Is your scale a measure of your self-worth?
Here we go again ... It's New Year's resolution time! Now that the barrage of holiday candy, cookies, and everything else fattening and sweet has come and gone, we're being hit over the head with diet and gym commercials, expected to get back on task and lose weight! And while fitness can be a completely fair goal for the new year, it isn't necessarily something you can measure in pounds ...
In fact, some women are using the New Year to strike out against the scale. Lead by
Jes Baker, who blogs at The Militant
Baker and is organizing the 2014 Body Love
Conference, the "Smash The Scale" campaign asks us to make a
different kind of resolution: To "separate our value as a human from the number
on a scale." AMEN!
Having had a dysfunctional relationship with scales my entire life and finally realizing on the cusp of 30 that it was time to let it go, I couldn't adore Baker's goal more. Because I believe that my own personal fitness does not accurately correspond to a number on a scale. Because that number has never done anything but toy with my self-esteem. Because I've made leaps and bounds with my inner and outer wellness by simply using my physical fitness (ability to run and lift and spin!) and how my clothes fit and how I look to myself and feel when I look in the mirror or naked as a guide.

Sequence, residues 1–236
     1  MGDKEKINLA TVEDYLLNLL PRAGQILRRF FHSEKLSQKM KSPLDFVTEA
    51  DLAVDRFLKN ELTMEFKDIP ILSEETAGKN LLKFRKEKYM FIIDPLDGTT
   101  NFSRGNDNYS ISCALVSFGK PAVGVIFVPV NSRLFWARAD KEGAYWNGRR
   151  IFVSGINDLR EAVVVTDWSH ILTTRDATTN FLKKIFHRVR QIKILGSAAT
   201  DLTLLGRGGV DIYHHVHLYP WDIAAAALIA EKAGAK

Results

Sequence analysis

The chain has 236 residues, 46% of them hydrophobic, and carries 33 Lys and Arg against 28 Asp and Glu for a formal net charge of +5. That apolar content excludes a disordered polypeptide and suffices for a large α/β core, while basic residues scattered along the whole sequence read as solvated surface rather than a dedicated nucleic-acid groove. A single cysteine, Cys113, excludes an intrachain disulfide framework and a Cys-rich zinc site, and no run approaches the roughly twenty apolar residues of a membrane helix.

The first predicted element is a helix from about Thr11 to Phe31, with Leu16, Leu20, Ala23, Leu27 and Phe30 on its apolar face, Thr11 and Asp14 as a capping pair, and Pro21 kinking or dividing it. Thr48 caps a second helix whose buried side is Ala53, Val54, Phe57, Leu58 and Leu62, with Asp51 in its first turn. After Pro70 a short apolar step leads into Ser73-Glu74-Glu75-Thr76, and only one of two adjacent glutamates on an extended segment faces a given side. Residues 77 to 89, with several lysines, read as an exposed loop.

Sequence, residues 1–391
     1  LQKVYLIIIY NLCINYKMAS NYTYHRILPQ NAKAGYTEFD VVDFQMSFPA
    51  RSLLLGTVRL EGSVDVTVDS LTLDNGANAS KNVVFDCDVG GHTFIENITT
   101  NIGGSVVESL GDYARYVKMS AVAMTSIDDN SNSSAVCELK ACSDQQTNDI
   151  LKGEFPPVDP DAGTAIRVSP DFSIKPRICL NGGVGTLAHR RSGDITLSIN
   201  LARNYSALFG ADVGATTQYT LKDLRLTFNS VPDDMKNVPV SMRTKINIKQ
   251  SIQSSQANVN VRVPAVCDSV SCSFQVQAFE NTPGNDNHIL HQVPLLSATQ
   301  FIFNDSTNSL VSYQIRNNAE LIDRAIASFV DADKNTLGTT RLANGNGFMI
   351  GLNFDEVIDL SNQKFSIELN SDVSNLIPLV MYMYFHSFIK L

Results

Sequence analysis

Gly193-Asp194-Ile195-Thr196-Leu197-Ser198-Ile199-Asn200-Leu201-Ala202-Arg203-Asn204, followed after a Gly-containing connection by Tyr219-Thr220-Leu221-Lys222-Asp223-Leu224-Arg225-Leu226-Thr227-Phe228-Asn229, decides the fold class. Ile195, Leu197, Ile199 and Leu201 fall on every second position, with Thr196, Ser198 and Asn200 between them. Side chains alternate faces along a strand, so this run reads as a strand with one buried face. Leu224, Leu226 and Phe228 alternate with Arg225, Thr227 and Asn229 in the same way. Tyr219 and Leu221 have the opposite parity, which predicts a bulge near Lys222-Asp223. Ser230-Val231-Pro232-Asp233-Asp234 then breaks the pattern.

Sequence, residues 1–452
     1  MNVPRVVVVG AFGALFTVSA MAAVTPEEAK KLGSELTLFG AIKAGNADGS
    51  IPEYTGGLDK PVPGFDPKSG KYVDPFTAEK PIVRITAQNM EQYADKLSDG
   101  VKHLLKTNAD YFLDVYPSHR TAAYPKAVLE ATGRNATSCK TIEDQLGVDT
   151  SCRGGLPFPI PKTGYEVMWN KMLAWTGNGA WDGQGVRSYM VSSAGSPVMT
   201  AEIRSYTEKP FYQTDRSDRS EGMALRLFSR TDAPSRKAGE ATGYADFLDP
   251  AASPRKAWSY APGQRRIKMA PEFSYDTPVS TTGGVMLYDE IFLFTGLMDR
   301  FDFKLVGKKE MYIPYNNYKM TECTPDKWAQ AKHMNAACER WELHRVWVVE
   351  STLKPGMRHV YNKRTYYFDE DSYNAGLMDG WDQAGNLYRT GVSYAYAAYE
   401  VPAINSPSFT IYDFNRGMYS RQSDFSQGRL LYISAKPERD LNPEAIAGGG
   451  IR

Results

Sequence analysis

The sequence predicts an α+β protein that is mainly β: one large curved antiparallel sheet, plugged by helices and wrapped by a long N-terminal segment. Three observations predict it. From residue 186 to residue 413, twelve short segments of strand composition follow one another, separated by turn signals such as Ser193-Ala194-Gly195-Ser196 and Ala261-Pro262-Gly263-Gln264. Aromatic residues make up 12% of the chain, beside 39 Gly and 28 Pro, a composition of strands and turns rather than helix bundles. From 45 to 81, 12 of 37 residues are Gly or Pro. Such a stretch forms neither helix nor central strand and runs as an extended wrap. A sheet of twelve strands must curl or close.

And this has nothing to do with embracing or glorifying being un-fit. Fixating on the scale can be just as unhealthy as eating junk food or leading a 100 percent sedentary lifestyle. As Jes writes, her campaign "isn't about being unhealthy. It's about deciding what your definition of beauty is and knowing that it is enough." She explains, "I'm Smashing the Scale because I'm making a promise to myself that I will love my body and take care of it."
I love that Jes is making this conversation happen. It's one we really need to be having as we're being bombarded with talk of cleanses and dangerous, calorie-restricted diets and post-baby bodies that really can be attributed to going under the knife. With hope, many of us will join her in resolving not to live and die by a heap of metal and a number we've for too long placed too much stock in. Because ultimately, it's one of the healthiest things we can do.
What do you think about the Smash the Scale campaign? How do you feel about using your scale to measure your wellness ... or self-worth?